Wednesday, 14 June 2017

The Irish Colleen.

She has an image on which we can all agree. Raven haired and pale of visage, short in stature and slight of build, she moves with purpose whether by skip or glide or cartwheel. Her voice is quiet and modulated widely to suit the purpose of the moment, but it always carries a hint of gravel from the banks of the Liffey.

Her most defining feature, however, is her eyes. Coloured a dark azure and shining bright though the damp Irish sky be leaden, they carry mischief. Be they pleading or angry or expectant or happy, they always carry mischief. You would fall under their spell in a moment and give her your heart; you might even give her your life. And yet you wouldn’t trust her with your grandmother’s toffee apple.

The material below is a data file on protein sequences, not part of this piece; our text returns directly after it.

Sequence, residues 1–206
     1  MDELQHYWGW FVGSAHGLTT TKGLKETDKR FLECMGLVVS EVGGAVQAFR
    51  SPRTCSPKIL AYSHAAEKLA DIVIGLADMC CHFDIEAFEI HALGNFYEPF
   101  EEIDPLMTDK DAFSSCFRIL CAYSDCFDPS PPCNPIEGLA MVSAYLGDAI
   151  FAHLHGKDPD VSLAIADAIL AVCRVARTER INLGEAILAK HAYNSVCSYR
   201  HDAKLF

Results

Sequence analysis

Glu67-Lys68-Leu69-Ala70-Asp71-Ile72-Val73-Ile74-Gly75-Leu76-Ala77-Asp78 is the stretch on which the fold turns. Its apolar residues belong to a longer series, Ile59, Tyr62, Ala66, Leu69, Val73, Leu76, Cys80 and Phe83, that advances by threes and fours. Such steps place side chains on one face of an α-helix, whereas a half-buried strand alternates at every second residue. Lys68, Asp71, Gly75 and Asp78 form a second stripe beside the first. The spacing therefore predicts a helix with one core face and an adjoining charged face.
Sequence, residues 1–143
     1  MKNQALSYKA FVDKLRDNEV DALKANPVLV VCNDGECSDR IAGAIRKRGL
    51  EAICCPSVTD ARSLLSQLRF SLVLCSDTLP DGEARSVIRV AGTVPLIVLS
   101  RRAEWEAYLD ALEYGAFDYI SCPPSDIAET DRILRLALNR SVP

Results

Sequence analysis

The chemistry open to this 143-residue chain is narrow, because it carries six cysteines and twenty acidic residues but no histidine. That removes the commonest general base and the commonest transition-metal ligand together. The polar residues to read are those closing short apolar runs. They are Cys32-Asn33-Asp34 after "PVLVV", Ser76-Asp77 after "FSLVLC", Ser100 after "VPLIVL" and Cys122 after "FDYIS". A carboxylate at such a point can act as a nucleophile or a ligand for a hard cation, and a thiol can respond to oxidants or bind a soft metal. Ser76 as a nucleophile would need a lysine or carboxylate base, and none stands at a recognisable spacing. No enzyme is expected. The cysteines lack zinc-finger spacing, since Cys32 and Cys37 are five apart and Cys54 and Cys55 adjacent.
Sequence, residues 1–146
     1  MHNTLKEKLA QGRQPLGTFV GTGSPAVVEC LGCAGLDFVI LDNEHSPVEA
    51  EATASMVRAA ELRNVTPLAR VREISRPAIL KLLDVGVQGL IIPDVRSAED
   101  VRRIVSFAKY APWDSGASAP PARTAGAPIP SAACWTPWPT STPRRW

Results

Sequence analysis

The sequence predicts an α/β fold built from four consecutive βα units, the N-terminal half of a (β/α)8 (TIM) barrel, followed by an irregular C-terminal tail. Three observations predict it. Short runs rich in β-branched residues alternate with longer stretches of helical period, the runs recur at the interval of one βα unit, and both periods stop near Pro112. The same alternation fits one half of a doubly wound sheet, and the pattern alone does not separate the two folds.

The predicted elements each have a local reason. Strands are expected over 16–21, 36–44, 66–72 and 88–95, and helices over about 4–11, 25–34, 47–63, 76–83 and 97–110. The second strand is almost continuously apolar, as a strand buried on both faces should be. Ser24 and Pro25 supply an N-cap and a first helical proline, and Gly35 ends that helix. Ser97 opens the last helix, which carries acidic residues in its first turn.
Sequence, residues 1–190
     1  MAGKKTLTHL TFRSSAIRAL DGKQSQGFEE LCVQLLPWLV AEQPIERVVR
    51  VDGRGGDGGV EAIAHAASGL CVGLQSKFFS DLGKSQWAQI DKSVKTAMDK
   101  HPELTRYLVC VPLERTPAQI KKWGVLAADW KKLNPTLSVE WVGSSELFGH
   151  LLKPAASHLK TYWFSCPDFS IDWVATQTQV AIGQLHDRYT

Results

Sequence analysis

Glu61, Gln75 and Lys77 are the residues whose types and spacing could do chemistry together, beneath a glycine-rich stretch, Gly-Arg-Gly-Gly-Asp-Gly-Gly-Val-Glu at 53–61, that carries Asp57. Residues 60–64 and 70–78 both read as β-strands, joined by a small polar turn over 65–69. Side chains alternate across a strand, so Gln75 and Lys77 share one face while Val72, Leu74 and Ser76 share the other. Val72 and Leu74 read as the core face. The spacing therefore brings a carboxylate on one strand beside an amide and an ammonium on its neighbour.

I met one once in a coffee shop in Letterkenny. It was fortunate for me, perhaps, that she was preoccupied with her work. I met another in a wood a few miles from Donegal Town, but that story can’t be told. Suffice it to say that I have been paying the price of denying her existence ever since.

And in the most unlikely event that you haven’t heard the following song before, this is her being rightly celebrated:

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